BBC, Khattab's posting to Chechnya had been "arranged through the
Saudi-Arabian based [International] Islamic Relief Organisation, a
militant religious organisation, funded by mosques and rich
individuals which channeled funds into Chechnya".26
Since the Cold War era, Washington has consciously supported Ousmane
bin Laden, while at same time placing him on the FBI's "most wanted
list" as the World's foremost terrorist.
While the Mujahideen are busy fighting America's war in the Balkans
and the former Soviet Union, the FBI --operating as a US based Police
Force- is waging a domestic war against terrorism, operating in some
respects independently of the CIA which has --since the Soviet-Afghan
war-- supported international terrorism through its covert operations.
In a cruel irony, while the Islamic jihad --featured by the Bush
Adminstration as "a threat to America"-- is blamed for the terrorist
assaults on the World Trade Centre and the Pentagon, these same
Islamic organisations constitute a key instrument of US
military-intelligence operations in the Balkans and the former Soviet
In the wake of the terrorist attacks in New York and Washington, the
truth must prevail to prevent the Bush Adminstration together with its
NATO partners from embarking upon a military adventure which threatens
the future of humanity.
1. Hugh Davies, International: `Informers' point the finger at bin
Laden; Washington on alert for suicide bombers, The Daily
Telegraph, London, 24 August 1998.
2. See Fred Halliday, "The Un-great game: the Country that lost the
Cold War, Afghanistan, New Republic, 25 March 1996):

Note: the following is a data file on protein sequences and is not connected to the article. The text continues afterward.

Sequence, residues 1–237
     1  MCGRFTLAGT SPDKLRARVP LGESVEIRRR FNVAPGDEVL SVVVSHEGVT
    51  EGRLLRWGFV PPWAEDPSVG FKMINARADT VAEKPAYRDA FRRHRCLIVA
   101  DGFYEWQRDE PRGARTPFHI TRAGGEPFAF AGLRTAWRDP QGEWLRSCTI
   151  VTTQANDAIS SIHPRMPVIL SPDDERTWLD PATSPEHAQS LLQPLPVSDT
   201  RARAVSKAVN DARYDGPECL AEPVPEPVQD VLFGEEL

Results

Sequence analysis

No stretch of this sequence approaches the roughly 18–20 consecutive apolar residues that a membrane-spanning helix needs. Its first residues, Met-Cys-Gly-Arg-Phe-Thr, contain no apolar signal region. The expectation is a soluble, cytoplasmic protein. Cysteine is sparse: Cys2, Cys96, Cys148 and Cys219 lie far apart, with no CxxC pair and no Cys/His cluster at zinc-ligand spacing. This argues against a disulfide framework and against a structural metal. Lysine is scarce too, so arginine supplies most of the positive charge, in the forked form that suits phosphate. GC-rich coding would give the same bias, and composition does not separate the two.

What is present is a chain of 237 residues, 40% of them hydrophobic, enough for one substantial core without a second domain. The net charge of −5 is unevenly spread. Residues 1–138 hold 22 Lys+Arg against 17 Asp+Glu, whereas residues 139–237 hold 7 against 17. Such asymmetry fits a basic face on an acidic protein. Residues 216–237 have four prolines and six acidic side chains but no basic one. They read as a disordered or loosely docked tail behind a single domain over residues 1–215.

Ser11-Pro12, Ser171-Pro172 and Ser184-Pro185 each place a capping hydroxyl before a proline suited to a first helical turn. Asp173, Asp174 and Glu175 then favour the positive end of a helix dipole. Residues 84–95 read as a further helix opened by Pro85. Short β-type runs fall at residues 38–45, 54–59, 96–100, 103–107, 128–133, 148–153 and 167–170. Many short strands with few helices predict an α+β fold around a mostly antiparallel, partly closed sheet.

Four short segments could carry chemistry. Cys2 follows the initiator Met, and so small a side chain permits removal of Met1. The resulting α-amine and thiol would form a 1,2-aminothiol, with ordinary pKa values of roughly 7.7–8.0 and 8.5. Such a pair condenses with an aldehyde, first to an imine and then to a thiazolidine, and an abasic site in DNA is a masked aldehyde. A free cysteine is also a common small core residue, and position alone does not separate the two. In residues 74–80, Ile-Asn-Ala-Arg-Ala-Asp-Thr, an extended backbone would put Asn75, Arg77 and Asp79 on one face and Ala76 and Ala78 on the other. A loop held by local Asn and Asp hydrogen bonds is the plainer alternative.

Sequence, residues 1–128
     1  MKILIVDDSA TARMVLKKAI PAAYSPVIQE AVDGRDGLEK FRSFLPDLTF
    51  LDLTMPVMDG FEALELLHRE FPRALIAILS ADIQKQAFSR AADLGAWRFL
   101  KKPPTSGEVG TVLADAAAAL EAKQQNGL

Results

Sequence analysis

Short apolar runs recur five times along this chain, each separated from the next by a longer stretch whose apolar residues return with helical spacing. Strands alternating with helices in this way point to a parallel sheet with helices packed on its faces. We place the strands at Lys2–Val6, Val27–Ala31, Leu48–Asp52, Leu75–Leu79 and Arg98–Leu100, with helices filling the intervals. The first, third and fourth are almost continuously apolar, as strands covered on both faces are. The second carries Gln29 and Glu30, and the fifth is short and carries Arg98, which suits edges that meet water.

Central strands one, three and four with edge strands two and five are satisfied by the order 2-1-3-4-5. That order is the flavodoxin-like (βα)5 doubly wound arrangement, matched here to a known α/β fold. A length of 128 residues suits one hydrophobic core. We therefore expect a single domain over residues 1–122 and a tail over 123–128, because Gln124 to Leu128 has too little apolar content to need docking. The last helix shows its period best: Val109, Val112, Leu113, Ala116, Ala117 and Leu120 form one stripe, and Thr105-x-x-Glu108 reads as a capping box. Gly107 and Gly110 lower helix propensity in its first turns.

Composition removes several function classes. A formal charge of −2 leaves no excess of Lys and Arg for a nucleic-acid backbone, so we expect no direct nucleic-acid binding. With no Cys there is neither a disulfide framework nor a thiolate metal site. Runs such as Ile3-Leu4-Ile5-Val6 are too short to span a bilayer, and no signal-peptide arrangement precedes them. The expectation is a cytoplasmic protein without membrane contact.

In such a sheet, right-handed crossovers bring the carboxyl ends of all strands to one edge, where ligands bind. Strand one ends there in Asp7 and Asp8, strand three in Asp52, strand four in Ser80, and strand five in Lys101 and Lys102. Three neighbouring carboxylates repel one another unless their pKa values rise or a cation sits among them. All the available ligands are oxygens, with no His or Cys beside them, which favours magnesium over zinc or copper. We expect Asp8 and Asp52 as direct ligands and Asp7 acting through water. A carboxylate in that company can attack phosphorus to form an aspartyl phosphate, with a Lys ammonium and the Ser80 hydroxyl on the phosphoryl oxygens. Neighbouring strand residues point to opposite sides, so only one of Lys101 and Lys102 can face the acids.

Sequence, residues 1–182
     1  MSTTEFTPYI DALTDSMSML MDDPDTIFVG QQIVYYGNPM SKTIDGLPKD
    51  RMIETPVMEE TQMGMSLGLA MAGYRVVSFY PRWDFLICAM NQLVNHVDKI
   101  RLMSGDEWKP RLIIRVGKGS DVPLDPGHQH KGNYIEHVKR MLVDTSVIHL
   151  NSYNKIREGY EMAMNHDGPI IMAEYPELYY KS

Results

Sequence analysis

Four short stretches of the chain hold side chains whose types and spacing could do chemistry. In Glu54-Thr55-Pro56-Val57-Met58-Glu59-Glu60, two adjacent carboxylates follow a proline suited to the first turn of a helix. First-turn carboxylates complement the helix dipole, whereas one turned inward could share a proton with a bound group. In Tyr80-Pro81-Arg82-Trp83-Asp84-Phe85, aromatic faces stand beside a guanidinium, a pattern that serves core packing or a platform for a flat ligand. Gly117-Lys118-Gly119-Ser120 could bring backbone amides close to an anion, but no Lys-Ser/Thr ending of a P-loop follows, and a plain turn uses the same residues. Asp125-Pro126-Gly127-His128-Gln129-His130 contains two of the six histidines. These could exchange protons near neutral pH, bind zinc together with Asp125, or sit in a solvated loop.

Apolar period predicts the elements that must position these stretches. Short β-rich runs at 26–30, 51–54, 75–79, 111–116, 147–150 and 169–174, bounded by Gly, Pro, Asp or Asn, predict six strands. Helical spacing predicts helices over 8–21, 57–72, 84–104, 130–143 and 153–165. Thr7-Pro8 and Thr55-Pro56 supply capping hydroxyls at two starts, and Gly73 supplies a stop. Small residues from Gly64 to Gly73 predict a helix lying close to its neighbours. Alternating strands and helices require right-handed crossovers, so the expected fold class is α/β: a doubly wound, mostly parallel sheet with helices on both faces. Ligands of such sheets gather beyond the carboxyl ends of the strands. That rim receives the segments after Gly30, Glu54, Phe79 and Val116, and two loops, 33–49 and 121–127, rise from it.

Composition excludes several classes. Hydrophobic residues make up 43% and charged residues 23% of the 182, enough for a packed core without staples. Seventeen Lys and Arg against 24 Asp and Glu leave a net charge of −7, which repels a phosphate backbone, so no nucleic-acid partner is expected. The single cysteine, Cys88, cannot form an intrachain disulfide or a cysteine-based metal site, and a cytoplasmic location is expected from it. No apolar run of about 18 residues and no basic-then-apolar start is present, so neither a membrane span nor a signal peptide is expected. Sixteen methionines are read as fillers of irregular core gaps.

3. Ahmed Rashid, The Taliban: Exporting Extremism, Foreign Affairs,
4. Steve Coll, Washington Post, July 19, 1992.
5. Dilip Hiro, Fallout from the Afghan Jihad, Inter Press Services,
21 November 1995.
6. Weekend Sunday (NPR); Eric Weiner, Ted Clark; 16 August 1998.
8. Dipankar Banerjee; Possible Connection of ISI With Drug Industry,
India Abroad, 2 December 1994.
10. See Diego Cordovez and Selig Harrison, Out of Afghanistan: The
Inside Story of the Soviet Withdrawal, Oxford university Press,
New York, 1995. See also the review of Cordovez and Harrison in
International Press Services, 22 August 1995.
11. Alfred McCoy, Drug fallout: the CIA's Forty Year Complicity in the
Narcotics Trade. The Progressive; 1 August 1997.
14. Douglas Keh, Drug Money in a changing World, Technical document no
4, 1998, Vienna UNDCP, p. 4. See also Report of the International
Narcotics Control Board for 1999, E/INCB/1999/1 United Nations
Publication, Vienna 1999, p 49-51, And Richard Lapper, UN Fears
Growth of Heroin Trade, Financial Times, 24 February 2000.
15. Report of the International Narcotics Control Board, op cit, p
49-51, see also Richard Lapper, op. cit.
16. International Press Services, 22 August 1995.
17. Ahmed Rashid, The Taliban: Exporting Extremism, Foreign Affairs,
November- December, 1999, p. 22.
18. Quoted in the Christian Science Monitor, 3 September 1998)
19. Tim McGirk, Kabul learns to live with its bearded conquerors, The
Independent, London, 6 November1996.
20. See K. Subrahmanyam, Pakistan is Pursuing Asian Goals, India
Abroad, 3 November 1995.
21. Levon Sevunts, Who's calling the shots?: Chechen conflict finds
Islamic roots in Afghanistan and Pakistan, 23 The Gazette,
Montreal, 26 October 1999..
24. See Vitaly Romanov and Viktor Yadukha, Chechen Front Moves To
Kosovo Segodnia, Moscow, 23 Feb 2000.
25. The European, 13 February 1997, See also Itar-Tass, 4-5 January
26. BBC, 29 September 1999).